When your body switches from glucose to ketone bodies as its main source of energy, this is known as entering “ketosis” or a “ketogenic state.” Making this switch and maintaining it all day is the goal of the keto diet (Masood, 2020).

To do this, most keto diets advise you to restrict your daily intake of carbs to just around 5% of your total calories. Meanwhile, proteins should make up 25 to 30% of your diet. Fatty foods should account for the bulk of your calories of your diet (Masood, 2020).

What are the benefits of a keto diet?

There is some good evidence that keto diets can help people lose weight.

A small 2019 study examined the diet’s effect among 35 adults with obesity. After 12 weeks of keto, the men in the study lost an average of 40 pounds, while the women dropped 24 pounds. The people in the study also said they felt less hungry and showed improvements in physical and brain performance (Mohorko, 2019).  Many other studies—some on keto diets specifically and others on very-low-carb plans (which is basically what keto is)—have turned up similarly promising results (Ludwig, 2021).

There are several theories as to why the keto diet might promote weight loss, though they have not been consistently shown in research. One is that ketone bodies—the body’s main fuel source on the diet—curb someone’s appetite (Gibson, 2015).

While those studies are encouraging, they’re not conclusive. One of the problems is that there’s not a lot of standardization in keto research. Studies don’t line up when it comes to the number of calories participants are allowed to eat or other factors that could influence the findings (Trimboli, 2020).

Weight loss aside, there is evidence that ketogenic diets may lower your risk for Type 2 diabetes and heart disease and may also be protective against age-related brain diseases like Alzheimer’s (Masood, 2020; Ludwig, 2021).  

Is the keto diet safe?

Any diet that severely restricts the types of foods a person eats can be risky. That’s because these kinds of diets if done without attention or care, can lead to nutritional deficiencies. But the research so far suggests that keto diets are generally safe (Ludwig, 2021).

One of the ongoing concerns about keto diets is that it steers people away from whole-grain foods, which are associated with many health benefits—including a reduced risk for chronic disease. But there again, the evidence is mixed. It’s not clear that people who avoid carbs—even apparently healthy carbs like whole grains—are worse off (Ludwig, 2021).

Finding keto-friendly foods to fit your morning meal plan can seem like a challenge. But with a little effort and exploration, you can come up with plenty of delicious, satisfying ideas for a healthy breakfast.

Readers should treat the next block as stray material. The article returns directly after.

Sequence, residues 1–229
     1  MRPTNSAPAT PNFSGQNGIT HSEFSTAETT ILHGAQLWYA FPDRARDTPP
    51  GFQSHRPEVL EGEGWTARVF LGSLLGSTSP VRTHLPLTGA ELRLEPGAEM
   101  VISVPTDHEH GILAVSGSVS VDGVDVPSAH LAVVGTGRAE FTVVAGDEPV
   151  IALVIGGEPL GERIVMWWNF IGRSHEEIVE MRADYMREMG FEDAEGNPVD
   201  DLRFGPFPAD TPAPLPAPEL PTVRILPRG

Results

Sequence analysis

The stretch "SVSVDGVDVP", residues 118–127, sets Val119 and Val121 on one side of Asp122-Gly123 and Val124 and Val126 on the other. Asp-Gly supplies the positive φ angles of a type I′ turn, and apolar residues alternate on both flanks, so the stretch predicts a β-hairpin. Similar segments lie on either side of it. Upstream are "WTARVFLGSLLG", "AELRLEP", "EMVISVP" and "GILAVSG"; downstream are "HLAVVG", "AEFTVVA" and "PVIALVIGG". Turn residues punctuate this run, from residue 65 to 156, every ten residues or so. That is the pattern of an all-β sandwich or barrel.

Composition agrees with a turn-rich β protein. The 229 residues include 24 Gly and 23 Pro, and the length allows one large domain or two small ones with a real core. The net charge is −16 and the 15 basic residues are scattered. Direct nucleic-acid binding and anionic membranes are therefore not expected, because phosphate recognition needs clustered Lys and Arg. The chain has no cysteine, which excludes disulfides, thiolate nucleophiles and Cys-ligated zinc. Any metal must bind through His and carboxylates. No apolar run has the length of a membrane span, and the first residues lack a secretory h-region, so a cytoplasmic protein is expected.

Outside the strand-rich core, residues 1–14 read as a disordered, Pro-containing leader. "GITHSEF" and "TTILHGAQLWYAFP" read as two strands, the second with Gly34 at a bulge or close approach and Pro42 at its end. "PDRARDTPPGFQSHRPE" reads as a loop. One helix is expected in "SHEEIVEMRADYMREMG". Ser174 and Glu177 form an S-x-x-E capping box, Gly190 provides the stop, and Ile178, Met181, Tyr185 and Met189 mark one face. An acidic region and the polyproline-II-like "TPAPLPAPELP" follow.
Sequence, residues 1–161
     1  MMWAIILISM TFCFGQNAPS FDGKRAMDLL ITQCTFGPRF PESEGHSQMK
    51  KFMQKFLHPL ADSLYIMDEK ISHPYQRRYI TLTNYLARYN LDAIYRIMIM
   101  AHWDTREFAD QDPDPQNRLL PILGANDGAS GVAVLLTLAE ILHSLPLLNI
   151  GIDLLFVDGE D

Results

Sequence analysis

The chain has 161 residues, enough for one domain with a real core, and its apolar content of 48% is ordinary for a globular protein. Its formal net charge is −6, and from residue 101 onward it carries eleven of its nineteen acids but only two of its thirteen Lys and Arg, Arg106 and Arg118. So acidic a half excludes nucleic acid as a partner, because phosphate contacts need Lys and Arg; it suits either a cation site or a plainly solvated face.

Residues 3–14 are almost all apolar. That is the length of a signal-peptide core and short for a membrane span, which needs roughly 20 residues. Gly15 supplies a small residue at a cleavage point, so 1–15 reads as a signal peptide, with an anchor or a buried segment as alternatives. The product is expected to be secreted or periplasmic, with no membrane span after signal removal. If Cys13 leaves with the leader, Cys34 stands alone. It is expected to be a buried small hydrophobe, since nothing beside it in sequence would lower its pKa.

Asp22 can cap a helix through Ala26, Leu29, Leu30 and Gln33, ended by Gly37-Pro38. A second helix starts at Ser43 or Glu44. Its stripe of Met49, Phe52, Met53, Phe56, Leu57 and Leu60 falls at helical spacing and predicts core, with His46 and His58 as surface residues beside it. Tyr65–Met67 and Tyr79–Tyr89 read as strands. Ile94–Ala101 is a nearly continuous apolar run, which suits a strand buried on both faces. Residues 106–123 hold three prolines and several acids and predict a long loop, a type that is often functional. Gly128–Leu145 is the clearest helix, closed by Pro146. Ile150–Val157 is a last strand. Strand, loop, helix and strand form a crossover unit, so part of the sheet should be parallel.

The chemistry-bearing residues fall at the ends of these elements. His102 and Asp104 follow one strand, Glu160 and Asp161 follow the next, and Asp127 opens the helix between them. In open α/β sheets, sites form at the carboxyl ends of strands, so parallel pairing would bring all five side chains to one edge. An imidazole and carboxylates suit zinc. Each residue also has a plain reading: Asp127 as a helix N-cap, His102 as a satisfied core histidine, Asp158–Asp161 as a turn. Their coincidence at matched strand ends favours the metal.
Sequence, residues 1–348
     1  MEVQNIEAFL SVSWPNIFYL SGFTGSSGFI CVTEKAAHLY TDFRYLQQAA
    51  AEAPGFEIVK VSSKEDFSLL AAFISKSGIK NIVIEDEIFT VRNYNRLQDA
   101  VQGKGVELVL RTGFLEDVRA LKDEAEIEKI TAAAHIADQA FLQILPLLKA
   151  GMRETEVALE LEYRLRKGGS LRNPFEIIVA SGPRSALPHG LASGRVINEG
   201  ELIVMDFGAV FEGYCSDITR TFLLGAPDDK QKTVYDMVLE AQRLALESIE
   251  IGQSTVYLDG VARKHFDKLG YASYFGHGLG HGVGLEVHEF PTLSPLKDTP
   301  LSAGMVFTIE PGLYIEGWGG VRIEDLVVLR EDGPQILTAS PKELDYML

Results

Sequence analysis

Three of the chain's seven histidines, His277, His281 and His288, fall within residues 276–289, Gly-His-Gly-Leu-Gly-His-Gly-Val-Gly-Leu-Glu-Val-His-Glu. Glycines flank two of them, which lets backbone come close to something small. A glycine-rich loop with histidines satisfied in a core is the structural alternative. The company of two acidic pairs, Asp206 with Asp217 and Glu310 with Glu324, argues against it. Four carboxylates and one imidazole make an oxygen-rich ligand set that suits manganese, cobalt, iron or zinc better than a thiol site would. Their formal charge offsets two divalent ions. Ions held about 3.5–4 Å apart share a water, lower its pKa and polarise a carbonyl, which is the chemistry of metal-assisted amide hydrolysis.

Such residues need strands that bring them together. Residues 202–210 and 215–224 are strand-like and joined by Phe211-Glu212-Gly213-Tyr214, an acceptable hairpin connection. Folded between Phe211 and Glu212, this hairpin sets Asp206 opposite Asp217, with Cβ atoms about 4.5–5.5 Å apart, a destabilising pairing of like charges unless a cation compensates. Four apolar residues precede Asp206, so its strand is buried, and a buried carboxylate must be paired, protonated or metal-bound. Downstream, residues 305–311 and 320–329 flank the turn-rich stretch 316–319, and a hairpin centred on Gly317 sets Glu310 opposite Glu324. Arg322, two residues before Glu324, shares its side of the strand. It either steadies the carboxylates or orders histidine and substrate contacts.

References

  1. Durkalec-Michalski, K., Nowaczyk, P. M., & Siedzik, K. (2019). Effect of a four-week ketogenic diet on exercise metabolism in CrossFit-trained athletes. Journal of the International Society of Sports Nutrition, 16(1), 16. doi: 10.1186/s12970-019-0284-9. Retrieved from https://pubmed.ncbi.nlm.nih.gov/30953522/
  2. Gibson, A. A., Seimon, R. V., Lee, C. M., Ayre, J., Franklin, J., Markovic, T. P., Caterson, I. D., & Sainsbury, A. (2015). Do ketogenic diets really suppress appetite? A systematic review and meta-analysis. Obesity reviews : an official journal of the International Association for the Study of Obesity, 16(1), 64–76. Doi: 10.1111/obr.12230. Retrieved from: https://pubmed.ncbi.nlm.nih.gov/25402637/
  3. Ludwig D. S. (2020). The Ketogenic Diet: Evidence for Optimism but High-Quality Research Needed. The Journal of nutrition, 150(6), 1354–1359. doi: 10.1093/jn/nxz308. Retrieved from: https://academic.oup.com/jn/article/150/6/1354/5673196
  4. Masood, W., Annamaraju, P., & Uppaluri, K. R. (2020). Ketogenic Diet. In StatPearls. StatPearls Publishing. Retrieved from https://www.ncbi.nlm.nih.gov/books/NBK499830/
  5. Mohorko, N., Černelič-Bizjak, M., Poklar-Vatovec, T., Grom, G., Kenig, S., Petelin, A., & Jenko-Pražnikar, Z. (2019). Weight loss, improved physical performance, cognitive function, eating behavior, and metabolic profile in a 12-week ketogenic diet in obese adults. Nutrition research (New York, N.Y.), 62, 64–77. doi: 10.1016/j.nutres.2018.11.007. Retrieved from https://pubmed.ncbi.nlm.nih.gov/30803508/
  6. North Dakota State University (NDSU) (n.d.). Food and Nutrition Extension: Baked Eggs and Cheese. Retrieved May 5, 2021, from https://www.ag.ndsu.edu/food/recipes/dairy/baked_eggs_cheese
  7. Taylor, M. K., Swerdlow, R. H., Burns, J. M., & Sullivan, D. K. (2019). An Experimental Ketogenic Diet for Alzheimer Disease Was Nutritionally Dense and Rich in Vegetables and Avocado. Current developments in nutrition, 3(4), nzz003. doi: 10.1093/cdn/nzz003. Retrieved from https://academic.oup.com/cdn/article/3/4/nzz003/5347943
  8. Trimboli, P., Castellana, M., Bellido, D., & Casanueva, F. F. (2020). Confusion in the nomenclature of ketogenic diets blurs evidence. Reviews in endocrine & metabolic disorders, 21(1), 1–3. doi: 10.1007/s11154-020-09546-9. Retrieved from https://pubmed.ncbi.nlm.nih.gov/32080796/